Critical Factors That Will Improve Police Interviews
We make mistakes in assessing the credibility of a witness and when detecting deception during police interviews. These errors occur for many reasons. In this article we will learn to identify how to avoid making these errors.
Below is a list of few suggestions that we will discuss. Understanding these will reduce the times we mislabel a truth-teller as a liar and prevent us from believing a well-told lie.
- We judge ourselves as good lie detectors without actually testing our ability.
- Understand and recognize how our social expectations create a truth bias.
- Combine your intuition with validated behavioral indicators of truth/deception.
- Deception is subtle, fleeting, and without specialized training, it is easy to miss.
- Distinguish between accuracy and precision to measure your performance.
- Training in emotional awareness will improve your accuracy.
We Believe Ourselves Better at Spotting Lies Than Research Supports
“In relevant studies, people attempted to discriminate lies from truths in real time with no special aids or training. In these circumstances, people achieve an average of 54% correct lie–truth judgments. They correctly classified 47% of lies as deceptive and 61% of truths as non-deceptive.” (Bond, Jr. & DePaulo, 2006, p. 214) They performed little better than chance or than a flip of the coin.
- On average, 46% of the time people are incorrect during truth-lie judgments.
- 53% of the time people classify a lie as being truthful.
- 39% of the time people classify a truth as a lie.
As you can see from this chart, criminals are the most accurate at detecting deception. Specialized training seems to help professions such as the Secret Service, Psychologists and Judges. Police officers and civilians perform little better than the flip of a coin.
Despite this, most of us believe ourselves to be better at spotting lies than the research supports. This self-deception is our personal bias and it increases the magnitude of our error in veracity assessment and lie detection.
Truth Bias Is An Uninformed Innocence
Our social expectations can make us vulnerable in our day-to-day interactions with others because we have a truth bias. Truth bias is a principle of cooperation that helps us to function as a community. It is a “social contract that our communication with each other is supported by the assumption that people will normally tell the truth and that people expect to be told the truth.” (Galasiñski, 2000, p. ix) For example, when we ask directions or when we ask the time, we assume we are being told the truth. This social contract makes us vulnerable in our conversations, during our inquiries and certainly during our interviews.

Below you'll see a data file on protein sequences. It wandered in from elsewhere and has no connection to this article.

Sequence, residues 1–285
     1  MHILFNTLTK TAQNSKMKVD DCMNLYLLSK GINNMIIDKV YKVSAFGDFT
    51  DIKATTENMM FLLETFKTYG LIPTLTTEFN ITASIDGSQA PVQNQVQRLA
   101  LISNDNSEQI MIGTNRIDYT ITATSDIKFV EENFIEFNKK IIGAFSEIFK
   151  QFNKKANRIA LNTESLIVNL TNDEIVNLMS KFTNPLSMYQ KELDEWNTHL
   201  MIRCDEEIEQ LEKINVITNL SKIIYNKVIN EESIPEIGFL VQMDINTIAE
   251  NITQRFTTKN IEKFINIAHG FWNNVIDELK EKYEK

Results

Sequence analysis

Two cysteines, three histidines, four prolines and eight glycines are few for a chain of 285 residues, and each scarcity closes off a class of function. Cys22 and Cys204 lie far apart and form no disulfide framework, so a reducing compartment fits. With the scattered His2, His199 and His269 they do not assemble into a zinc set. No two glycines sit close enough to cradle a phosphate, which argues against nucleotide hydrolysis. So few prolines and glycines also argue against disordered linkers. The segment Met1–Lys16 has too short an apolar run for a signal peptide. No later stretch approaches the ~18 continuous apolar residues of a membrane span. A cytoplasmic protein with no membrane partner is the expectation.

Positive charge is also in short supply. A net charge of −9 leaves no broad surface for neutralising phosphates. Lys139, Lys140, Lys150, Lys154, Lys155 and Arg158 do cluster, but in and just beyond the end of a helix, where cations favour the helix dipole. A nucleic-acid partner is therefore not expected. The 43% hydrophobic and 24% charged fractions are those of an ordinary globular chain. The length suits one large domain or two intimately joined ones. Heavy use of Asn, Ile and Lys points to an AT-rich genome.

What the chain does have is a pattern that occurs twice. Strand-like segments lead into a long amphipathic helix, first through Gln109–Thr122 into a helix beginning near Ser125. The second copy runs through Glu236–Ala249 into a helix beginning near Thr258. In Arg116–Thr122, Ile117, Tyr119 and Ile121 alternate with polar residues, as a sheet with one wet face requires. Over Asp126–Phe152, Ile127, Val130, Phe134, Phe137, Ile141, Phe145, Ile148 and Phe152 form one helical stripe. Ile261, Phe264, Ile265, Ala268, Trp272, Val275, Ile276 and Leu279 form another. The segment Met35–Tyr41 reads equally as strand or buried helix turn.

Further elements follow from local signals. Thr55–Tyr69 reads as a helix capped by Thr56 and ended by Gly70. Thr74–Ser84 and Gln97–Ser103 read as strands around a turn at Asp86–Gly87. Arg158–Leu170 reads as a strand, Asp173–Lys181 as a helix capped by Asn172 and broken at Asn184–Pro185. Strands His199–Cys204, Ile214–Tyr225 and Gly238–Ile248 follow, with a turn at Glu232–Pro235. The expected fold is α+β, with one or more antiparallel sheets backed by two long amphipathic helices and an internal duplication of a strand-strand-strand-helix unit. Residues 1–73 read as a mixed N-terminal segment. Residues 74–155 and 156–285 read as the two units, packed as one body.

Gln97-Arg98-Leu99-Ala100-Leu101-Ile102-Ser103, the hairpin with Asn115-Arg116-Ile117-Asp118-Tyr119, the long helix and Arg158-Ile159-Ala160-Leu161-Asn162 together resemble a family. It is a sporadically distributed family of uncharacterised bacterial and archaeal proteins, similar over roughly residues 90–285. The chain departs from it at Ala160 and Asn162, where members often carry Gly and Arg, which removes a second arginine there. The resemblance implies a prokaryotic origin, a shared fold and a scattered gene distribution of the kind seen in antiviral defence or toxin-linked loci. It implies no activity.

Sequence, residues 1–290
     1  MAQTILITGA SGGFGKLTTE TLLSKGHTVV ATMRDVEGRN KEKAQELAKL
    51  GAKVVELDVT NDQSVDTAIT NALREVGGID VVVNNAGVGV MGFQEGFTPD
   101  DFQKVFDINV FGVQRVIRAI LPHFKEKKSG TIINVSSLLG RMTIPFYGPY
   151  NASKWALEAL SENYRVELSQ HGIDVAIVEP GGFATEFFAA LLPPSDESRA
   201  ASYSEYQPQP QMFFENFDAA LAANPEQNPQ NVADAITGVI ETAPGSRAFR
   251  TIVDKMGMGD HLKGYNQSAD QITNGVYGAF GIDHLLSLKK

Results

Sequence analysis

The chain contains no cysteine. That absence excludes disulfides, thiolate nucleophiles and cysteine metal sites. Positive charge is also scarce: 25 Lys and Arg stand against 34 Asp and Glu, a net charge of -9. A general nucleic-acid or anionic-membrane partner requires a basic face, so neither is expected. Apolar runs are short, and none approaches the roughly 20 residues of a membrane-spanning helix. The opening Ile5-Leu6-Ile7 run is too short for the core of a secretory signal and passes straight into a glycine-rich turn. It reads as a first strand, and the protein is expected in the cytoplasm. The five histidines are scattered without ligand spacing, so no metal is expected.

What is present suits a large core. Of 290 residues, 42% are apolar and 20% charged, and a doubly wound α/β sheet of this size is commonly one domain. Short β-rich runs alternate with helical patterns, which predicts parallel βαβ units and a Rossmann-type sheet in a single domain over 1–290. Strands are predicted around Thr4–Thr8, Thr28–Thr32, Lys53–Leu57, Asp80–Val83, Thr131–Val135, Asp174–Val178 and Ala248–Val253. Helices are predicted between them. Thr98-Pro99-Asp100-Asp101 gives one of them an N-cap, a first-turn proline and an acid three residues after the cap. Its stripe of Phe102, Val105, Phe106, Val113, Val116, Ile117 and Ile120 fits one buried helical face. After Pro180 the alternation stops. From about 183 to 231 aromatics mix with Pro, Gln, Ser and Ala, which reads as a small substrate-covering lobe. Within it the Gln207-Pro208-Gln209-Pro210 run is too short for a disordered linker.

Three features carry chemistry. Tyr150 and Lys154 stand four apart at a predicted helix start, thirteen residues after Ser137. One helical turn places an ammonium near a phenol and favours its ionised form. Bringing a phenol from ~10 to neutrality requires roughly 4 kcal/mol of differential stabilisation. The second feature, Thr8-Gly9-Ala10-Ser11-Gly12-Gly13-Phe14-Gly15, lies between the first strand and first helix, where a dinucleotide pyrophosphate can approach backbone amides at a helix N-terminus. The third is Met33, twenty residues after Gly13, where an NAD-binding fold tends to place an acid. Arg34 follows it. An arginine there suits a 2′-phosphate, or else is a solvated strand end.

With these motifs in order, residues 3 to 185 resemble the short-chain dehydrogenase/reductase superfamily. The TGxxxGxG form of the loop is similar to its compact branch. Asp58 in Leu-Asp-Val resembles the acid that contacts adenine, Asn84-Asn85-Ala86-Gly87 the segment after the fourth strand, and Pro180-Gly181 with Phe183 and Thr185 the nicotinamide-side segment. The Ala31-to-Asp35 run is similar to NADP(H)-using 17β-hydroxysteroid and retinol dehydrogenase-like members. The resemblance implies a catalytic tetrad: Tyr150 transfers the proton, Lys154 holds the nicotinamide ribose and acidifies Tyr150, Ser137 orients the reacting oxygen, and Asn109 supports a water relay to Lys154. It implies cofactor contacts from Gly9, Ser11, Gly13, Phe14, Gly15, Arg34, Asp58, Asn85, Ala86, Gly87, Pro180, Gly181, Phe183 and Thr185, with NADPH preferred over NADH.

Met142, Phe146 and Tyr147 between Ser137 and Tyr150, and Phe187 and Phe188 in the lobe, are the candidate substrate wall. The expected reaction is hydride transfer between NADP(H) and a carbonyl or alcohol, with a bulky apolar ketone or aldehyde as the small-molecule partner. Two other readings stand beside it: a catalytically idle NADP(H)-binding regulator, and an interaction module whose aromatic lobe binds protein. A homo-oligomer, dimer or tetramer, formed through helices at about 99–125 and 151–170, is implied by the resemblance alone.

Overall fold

Deception is a far more complex human behavior than other types of human predatory behavior. The signals of conversational deception are often not as overt as the signals presented before a physical onslaught. If you are engaging a person with your truth bias in place, you may be missing the most subtle and fleeting cues of deception.
To counteract against your truth bias, first acknowledge it. Be aware of your internal dialogue. Keep an open mind as you listen to and observe others. Be careful to keep an open mind as you progress through your conversations and just see what you see rather than seeing what you hope or need to see.
How Intuition Works For You
In The Gift of Fear, Gavin de Becker states, “Intuition is our most complex cognitive process and at the same time the simplest.” The author also states, “Intuition is knowing without knowing why.” Within the context of lie detection or credibility assessment it is this intuitive ‘knowing without really knowing why’, that can cause an error in judgment.